This is different from the blanket licensing that seems popular in the US. For example, ESPN has been charging ISPs one fee to cover everyone, and the consumers pay whether they watch it or not. The well-debated Choruss plan fronted by WMG would also be through a blanket license. It would seem highly likely that labels would push for 100% subscription rate, rather than an optional service.
In terms of optional or mandatory, it shouldn’t be so much a question of whether Spotify want to or not…but whether they can afford to rely on upgrade subscriptions. So far the answer is no. Still less than 4% of users of Spotify are paying subscribers. TechCrunch reported that “the company needs 10% to 12% of its users to subscribe to be a sustainable business” so the company can create revenue share deals with labels and not have to pay by stream.
Also, it’s good to compare competition between Europe and the US. Vodafone seems to be the biggest amongst Europe as a whole now with 450,000 paid-subscribers (in comparison to Spotify’s 250,000). In the UK where paid subscribers are a lot lower than the norm (rather than Sweden, Norway, Finland etc who are closer to the necessary 10-12%), there is we7. With new offerings of premium subscriptions at £4.99 a month (£9.99 for added mobile access) it’ll be interesting to track how Spotify will hold up against that.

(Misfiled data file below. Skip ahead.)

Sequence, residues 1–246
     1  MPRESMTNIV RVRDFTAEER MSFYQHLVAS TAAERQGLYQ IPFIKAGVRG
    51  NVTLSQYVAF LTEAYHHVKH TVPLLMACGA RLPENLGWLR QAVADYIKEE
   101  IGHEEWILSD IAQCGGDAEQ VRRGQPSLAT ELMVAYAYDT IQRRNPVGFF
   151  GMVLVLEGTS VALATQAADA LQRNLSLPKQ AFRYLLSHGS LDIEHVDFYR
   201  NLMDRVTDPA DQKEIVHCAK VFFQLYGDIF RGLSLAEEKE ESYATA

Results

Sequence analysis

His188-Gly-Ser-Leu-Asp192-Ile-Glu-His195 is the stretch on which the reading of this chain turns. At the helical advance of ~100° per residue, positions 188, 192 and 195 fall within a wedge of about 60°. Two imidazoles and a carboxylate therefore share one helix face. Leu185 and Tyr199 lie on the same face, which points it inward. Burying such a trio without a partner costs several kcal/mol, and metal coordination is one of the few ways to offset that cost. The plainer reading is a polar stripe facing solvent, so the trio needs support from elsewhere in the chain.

As for the US, it would be difficult to believe that Spotify can garner a 10-12% subscription base. As TechCrunch said, “Americans don’t like to pay for things online…US Web audiences don’t even like free services that make money through intrusive advertising”.
On top of that, one needs to consider not only competition, but trends on consuming music being different in the US. For competition, not only is there American-based MOG offering $5 on-demand streaming but Rdio from Skype is another hyped program which is due to offer cheaper subscription offerings.
Also, there was a report last week that internet radio is attracting over 60 million listeners a week in the United States alone. The study by Bridge Ratings noticed that, “internet-only listeners are far more likely to value recommendations and smart systems like Pandora, a trend that will grow over time”. Internet-only radio streams are perceived by Americans to be more ‘adventurous’ and are better sources of music specialization and discovery.
Delving in to Pandora in particular, the main findings included that “88% of those using Pandora for six months or less were ‘highly satisfied’ with the service… 0% were ‘disappointed”…can Spotify’s new algorithm compare with the finely tuned ‘music genome project’ that took years to develop?
The decision Spotify has to make in regards to starting up in the US is really go big or go home…with so many new features constantly being tweaked, are they ready to show it all off? If the company really does want to step it up with the competition and tack on a bunch of new features for the US release they should really take their time to fine-tune it and stop pressuring themselves to jump too early out of the gate.